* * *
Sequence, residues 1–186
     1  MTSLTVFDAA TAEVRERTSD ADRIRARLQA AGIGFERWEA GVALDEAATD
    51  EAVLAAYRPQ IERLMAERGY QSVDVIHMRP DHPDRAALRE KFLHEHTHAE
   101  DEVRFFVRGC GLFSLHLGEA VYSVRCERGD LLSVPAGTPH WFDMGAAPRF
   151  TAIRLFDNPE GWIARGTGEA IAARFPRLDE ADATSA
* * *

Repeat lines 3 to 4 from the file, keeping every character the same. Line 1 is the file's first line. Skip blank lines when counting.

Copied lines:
    51  EAVLAAYRPQ IERLMAERGY QSVDVIHMRP DHPDRAALRE KFLHEHTHAE
   101  DEVRFFVRGC GLFSLHLGEA VYSVRCERGD LLSVPAGTPH WFDMGAAPRF